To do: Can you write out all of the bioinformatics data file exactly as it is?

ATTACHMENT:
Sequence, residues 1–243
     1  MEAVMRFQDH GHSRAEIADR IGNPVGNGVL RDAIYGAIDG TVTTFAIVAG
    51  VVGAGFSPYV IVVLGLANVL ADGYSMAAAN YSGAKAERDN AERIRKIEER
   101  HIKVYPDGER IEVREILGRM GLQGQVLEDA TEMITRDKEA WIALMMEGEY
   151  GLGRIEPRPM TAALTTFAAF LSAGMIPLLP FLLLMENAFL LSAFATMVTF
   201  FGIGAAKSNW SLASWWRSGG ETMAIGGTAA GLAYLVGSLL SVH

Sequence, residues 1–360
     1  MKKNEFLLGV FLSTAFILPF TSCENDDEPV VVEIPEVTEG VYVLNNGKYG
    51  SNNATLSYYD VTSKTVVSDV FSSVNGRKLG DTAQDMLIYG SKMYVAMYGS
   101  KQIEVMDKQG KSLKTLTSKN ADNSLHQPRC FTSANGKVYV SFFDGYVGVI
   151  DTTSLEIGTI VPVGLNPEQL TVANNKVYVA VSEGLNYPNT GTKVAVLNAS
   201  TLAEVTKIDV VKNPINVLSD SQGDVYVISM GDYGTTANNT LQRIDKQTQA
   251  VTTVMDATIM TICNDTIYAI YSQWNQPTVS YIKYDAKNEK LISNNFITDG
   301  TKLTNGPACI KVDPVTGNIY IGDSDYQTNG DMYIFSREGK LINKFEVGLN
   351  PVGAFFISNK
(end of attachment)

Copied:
Sequence, residues 1–243
     1  MEAVMRFQDH GHSRAEIADR IGNPVGNGVL RDAIYGAIDG TVTTFAIVAG
    51  VVGAGFSPYV IVVLGLANVL ADGYSMAAAN YSGAKAERDN AERIRKIEER
   101  HIKVYPDGER IEVREILGRM GLQGQVLEDA TEMITRDKEA WIALMMEGEY
   151  GLGRIEPRPM TAALTTFAAF LSAGMIPLLP FLLLMENAFL LSAFATMVTF
   201  FGIGAAKSNW SLASWWRSGG ETMAIGGTAA GLAYLVGSLL SVH

Sequence, residues 1–360
     1  MKKNEFLLGV FLSTAFILPF TSCENDDEPV VVEIPEVTEG VYVLNNGKYG
    51  SNNATLSYYD VTSKTVVSDV FSSVNGRKLG DTAQDMLIYG SKMYVAMYGS
   101  KQIEVMDKQG KSLKTLTSKN ADNSLHQPRC FTSANGKVYV SFFDGYVGVI
   151  DTTSLEIGTI VPVGLNPEQL TVANNKVYVA VSEGLNYPNT GTKVAVLNAS
   201  TLAEVTKIDV VKNPINVLSD SQGDVYVISM GDYGTTANNT LQRIDKQTQA
   251  VTTVMDATIM TICNDTIYAI YSQWNQPTVS YIKYDAKNEK LISNNFITDG
   301  TKLTNGPACI KVDPVTGNIY IGDSDYQTNG DMYIFSREGK LINKFEVGLN
   351  PVGAFFISNK